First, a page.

Keith Sanborn
Mirror (1999)
6:00. Color and black & white. Stereo sound

An attempt to reach Joan of Arc in her final moments as she beholds the beatific vision. To reach her, however, some anachronisms and a few propositions about psychology, mysticism, and eroticism were necessary.

I am a graduate of Catholicism and I believe the visual and intellectual aspects of my religious education caused me to cultivate a certain way of reading images; it also gave me a feel for the oxymoronic aspects of that phrase “reading images.” The title “Mirror” was suggested by Hildegard von Bingen’s “O felix anima,” which is used as part of the soundtrack. The lyrics to the song appear in my own translation near the end of the piece. While Joan—as Hildegard’s joyous soul—would be a reflection of Divine Intelligence, the mirror alluded to suggested to me the idea of historical mirroring and of course Lacan’s mirror phase. English medieval mystic Walter Hilton wrote a treatise he called “The Scale (or Ladder) of Perfection.” After Hilton, I might have called this “The Mirror of Perfection,” but I thought better of it.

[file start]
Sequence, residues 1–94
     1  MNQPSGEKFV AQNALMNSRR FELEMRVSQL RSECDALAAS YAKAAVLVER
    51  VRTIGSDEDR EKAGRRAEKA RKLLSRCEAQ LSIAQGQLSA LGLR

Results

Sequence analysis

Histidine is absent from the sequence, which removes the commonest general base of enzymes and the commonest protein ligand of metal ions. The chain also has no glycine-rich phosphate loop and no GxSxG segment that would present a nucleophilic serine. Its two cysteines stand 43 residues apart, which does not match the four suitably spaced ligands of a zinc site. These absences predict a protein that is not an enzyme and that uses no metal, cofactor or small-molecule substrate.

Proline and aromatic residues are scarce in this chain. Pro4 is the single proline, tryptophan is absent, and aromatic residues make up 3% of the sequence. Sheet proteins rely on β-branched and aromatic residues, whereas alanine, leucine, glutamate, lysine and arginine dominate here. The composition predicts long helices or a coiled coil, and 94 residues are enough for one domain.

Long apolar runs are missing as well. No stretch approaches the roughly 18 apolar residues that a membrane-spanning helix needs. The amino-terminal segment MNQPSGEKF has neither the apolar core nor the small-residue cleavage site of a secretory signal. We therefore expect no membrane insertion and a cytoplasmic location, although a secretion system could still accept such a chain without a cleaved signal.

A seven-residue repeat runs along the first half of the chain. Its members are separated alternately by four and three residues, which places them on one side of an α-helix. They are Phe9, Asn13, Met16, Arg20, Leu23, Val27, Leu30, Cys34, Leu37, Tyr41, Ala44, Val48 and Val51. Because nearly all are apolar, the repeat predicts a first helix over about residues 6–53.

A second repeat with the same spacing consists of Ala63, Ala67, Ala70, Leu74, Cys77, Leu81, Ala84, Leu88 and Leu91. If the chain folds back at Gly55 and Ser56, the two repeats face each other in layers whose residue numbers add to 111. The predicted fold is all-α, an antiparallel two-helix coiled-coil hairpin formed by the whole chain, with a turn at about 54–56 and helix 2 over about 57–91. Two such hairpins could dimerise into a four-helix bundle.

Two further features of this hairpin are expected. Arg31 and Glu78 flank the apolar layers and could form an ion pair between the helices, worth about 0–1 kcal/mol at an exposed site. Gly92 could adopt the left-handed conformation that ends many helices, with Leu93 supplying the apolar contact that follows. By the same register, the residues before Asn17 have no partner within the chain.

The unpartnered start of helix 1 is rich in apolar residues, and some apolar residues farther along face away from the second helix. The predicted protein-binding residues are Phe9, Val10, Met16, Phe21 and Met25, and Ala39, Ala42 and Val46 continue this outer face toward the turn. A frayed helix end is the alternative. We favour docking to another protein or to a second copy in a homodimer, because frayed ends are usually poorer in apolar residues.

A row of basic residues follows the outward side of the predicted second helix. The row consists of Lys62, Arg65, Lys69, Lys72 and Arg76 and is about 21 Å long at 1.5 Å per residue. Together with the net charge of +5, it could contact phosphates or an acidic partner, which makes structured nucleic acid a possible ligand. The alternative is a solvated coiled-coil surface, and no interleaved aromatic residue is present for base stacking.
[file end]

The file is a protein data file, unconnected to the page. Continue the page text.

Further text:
I have dedicated the work to Joan (Jehanne) herself, to Ghen Dennis who, as a media artist and curator at Squeaky Wheel in Buffalo, had some responsibility for inducing me to make this work, and to Chris Ofili whose recent black Madonna has been greeted with so many racist screeds disguised as righteous indignation by politicians and media pundits.